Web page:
When Marine Lt. David Westphall was killed in Vietnam in 1968, his parents, Victor and Jeanne, and his brother, Doug, agreed that they would like to build a monument to honor him and all the American veterans of that vain war. Using part of David's life insurance money, they asked an architect to design a chapel to be built on a peak of land they owned high in the Sangre de Cristo Mountains of New Mexico. They told the architect only that "no one should leave the monument feeling as he had before about peace and war."

Ted Luna, the architect, rose to that lofty requirement: "I made a model for the chapel and took it to the Westphalls at the ranch. They were sitting on the porch of the house. Victor just sat there and looked at it and then he began to cry. He said, 'That's beautiful.' It was one of those clear moments." The design, for a white stucco, winglike structure was executed, Victor himself doing much of the finishing work. The story of how one family's grief grew into a stunning memorial for all the veterans of Vietnam attracted national attention, and more than 100,000 people have traveled to the remote spot to see it.

Among them was Corinne Browne, a journalist who had written a book about wounded Vietnam veterans. Browne and her two children drifted into Taos in the summer of 1972, with romantic expectations of a new life among "adobe courtyards, desert flowers, and ancient pueblos"; in the East, Browne left "a failed marriage." She was looking for a place to settle her family and for a story to write. When she saw an article about Victor Westphall in the local paper, she tore it out, and a month later -- on almost the same date that Victor put the last touches on the memorial -- she drove up into the mountains and visited it. She tells us years later, after repeated visits to the chapel, that "the story of how the monument had come to replace the old man's son had fascinated me for too long. It stuck to me; I kept finding bits of it all over me, like burrs."

In writing this book she tries to pick those burrs off and stick them on us, and occasionally she succeeds. She is able to sympathize with the mother of the dead child (the book's epigraph is an ungainly but affecting line of Nikki Giovanni's: "It is not unusual that the old bury the young, though it is an abomination to nature"). As Victor's interest in the chapel grows obsessive, Jeanne refuses to leave the trailer in which they live, where she keeps a box with letters from David, and photographs of him. Browne writes:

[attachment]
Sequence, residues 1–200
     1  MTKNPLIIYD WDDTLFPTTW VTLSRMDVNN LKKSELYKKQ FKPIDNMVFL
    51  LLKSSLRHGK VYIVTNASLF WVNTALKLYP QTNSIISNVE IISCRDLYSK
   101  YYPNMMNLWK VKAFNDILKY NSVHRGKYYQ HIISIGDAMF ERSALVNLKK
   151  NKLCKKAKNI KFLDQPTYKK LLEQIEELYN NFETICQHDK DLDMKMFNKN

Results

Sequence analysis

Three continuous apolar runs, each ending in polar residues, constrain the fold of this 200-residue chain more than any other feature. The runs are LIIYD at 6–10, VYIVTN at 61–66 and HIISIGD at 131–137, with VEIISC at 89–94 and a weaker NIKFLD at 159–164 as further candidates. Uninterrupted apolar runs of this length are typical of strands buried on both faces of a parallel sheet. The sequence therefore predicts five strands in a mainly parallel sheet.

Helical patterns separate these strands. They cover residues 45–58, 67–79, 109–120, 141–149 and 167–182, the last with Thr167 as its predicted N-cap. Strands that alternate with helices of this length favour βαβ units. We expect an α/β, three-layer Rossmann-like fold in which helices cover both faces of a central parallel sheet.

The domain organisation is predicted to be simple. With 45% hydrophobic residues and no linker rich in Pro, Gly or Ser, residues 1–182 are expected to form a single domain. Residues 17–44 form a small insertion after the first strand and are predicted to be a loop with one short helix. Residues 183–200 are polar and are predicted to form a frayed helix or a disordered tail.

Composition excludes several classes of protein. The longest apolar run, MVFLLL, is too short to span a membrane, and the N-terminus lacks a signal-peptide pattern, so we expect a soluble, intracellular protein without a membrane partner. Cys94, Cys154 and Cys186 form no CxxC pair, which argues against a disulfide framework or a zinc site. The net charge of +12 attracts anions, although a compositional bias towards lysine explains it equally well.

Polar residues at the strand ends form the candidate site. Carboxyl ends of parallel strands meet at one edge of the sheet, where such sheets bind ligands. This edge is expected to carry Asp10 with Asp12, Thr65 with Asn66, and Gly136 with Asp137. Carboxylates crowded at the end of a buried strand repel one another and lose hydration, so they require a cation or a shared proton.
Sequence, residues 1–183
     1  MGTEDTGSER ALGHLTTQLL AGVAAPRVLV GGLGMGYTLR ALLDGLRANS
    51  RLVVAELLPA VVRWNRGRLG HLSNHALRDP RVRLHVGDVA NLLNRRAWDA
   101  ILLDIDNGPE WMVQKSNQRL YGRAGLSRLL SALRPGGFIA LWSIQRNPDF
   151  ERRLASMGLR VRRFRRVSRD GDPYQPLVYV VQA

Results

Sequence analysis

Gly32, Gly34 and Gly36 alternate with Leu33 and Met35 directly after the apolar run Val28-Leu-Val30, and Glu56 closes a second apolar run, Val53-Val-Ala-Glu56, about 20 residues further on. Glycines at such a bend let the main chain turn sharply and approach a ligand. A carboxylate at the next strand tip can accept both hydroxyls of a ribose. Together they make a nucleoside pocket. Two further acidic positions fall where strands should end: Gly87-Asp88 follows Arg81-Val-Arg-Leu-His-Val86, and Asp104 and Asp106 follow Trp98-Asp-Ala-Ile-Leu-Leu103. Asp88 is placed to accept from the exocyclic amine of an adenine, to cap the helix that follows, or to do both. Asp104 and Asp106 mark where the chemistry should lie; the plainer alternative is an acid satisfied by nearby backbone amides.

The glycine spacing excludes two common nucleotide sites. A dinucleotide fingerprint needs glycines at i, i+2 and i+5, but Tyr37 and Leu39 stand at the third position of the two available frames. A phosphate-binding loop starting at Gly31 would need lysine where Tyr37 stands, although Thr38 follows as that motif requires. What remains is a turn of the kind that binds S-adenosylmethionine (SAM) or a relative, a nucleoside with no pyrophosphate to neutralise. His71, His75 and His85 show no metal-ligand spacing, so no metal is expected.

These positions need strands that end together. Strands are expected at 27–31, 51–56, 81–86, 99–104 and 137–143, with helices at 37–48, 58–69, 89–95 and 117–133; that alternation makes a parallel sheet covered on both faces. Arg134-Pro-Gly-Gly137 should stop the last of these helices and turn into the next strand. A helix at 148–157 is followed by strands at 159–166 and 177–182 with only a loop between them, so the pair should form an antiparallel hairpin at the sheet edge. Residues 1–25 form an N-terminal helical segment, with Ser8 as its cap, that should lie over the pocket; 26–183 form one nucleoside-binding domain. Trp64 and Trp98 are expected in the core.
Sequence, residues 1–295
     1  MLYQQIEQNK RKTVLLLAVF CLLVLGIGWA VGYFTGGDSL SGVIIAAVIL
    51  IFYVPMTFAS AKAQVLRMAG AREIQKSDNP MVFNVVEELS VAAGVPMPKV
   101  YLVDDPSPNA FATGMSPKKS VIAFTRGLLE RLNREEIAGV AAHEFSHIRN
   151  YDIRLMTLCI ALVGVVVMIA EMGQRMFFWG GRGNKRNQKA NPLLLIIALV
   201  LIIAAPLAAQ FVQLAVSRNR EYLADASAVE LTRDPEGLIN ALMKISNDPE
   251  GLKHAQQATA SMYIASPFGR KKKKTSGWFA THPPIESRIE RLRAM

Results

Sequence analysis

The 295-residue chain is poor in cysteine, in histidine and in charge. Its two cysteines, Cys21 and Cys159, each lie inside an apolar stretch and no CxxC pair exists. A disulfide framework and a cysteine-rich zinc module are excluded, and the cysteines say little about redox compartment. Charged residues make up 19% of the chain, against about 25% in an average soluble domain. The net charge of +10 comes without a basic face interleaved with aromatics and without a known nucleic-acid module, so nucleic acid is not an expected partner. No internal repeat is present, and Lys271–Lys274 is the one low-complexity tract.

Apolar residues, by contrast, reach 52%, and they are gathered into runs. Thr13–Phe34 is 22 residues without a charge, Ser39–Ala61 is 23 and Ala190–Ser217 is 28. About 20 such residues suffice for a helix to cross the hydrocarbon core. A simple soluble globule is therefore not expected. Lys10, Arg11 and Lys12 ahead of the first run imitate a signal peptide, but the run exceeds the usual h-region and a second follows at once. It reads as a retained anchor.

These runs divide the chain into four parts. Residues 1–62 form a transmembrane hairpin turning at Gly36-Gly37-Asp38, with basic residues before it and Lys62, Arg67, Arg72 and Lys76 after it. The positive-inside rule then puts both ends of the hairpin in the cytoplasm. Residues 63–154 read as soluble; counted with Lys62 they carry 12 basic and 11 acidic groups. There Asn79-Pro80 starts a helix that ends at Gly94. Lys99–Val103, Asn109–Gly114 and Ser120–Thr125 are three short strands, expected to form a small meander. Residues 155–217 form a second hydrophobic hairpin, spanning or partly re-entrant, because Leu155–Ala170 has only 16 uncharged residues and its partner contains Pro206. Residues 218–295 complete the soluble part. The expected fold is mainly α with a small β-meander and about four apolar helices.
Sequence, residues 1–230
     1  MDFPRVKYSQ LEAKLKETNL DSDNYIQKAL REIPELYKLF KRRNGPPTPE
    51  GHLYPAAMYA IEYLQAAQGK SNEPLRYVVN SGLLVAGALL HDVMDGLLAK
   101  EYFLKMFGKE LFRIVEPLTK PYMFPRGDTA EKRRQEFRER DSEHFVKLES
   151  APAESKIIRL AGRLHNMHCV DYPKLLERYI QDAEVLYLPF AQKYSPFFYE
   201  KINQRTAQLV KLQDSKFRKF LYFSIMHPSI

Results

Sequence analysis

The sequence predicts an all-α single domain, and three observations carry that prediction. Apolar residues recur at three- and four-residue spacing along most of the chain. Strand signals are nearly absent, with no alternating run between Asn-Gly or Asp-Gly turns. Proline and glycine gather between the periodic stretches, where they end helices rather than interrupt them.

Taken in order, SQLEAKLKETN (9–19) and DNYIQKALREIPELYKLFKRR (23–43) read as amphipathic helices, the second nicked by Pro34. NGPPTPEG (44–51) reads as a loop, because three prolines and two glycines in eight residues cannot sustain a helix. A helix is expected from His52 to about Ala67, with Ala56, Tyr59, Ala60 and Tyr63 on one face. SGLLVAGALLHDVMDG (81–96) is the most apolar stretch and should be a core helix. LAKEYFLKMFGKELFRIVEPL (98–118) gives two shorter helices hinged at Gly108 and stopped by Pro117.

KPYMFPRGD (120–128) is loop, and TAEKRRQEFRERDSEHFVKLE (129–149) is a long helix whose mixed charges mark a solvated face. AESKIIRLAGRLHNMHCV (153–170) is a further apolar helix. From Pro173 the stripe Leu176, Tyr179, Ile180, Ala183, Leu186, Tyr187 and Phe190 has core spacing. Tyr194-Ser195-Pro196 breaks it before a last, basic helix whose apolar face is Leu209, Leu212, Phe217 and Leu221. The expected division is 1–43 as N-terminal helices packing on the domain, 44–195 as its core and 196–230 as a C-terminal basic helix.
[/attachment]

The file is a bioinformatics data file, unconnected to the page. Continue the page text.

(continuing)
"The best time that Jeanne and David had together was when he was small and Victor was away. She had spoken of those days with particular tenderness -- days when David had picked flowers and learned to read and surprised the neighbors by talking like a grown-up. They had gone swimming and sledding and there was no one to tell them what to do. She had guarded him as he grew as, today, she guards what he left behind. Her mourning -- an affirmation of continuity with the dead -- is relentless. The chapel is a travesty in her eyes; only memory commemorates and will not die."

This is a formidable burr. Browne takes a few simple facts, applies to them a willingness to understand, to sympathize, to make connections (such as the connection between the way the mother watched over the child and the way she watches over the dead child's memory), and suddenly she has produced a passage that moves us.

But too often her sympathy deserts her. Victor she finds intriguing and repulsive. He is a man in his early 60s of almost demonic energy. Soon after David died, he had a heart attack; at some point in his recovery he determines to turn himself into the warrior his son was by running five miles every morning and working out on a chinning bar. He has a fantasy about being chosen to fight for our country against an old man from an enemy country; a one-on-one war. Browne, who opposed the Vietnam war, is drawn to the Victor who built a chapel to peace, but she is baffled by this other Victor. She is honest enough to describe him in his complexity, but her description is disjointed and unsympathetic.

Browne visits David's grave for the first time after two years of following his story and that of his family. Here is her response:

"A pink plastic rose was beside the grave in a small container sunk in the ground. [You might ask yourself whether this is an observation free of judgment, or whether browne turns such a detail -- she has a keen eye for plastic, polyester and Naugahyde -- into a sneer.] I squatted in front of the marker. I was relieved to find it and I wanted to say something. I wanted to say, I'm sorry for all the waste, or I'm sorry that you died. I wanted to say that, perhaps, the world would make up for it in some way. But it may have been the pity I had for my own life just then, or maybe it was the cynicism of the times that muted me."

Browne's attunement to herself and to the times (she often asks herself what is expected of the New Woman in a given situation) obtrudes upon her story often enough that what must have begun as a straightforward piece of reporting is called by her publisher a memoir, and it is neither. Her own story -- of which we get only fragments -- has little to do with the Westphalls'; her final attempt to link the two stories is this weak insight: "[David] and I had the same kind of illusions: I went to New Mexico to save myself; he went to Vietnam to save 'those little people from Communism."

"Casualty" does make the important point, at least by implication, that the American casualty figures given out by our government each terrible week of that long war were understated by at least as much as the enemy casualty figures were inflated by our government. Every death, every maiming, landed like a fragmentation grenade in a circle of family and friends, inflicting too many more casualties to count.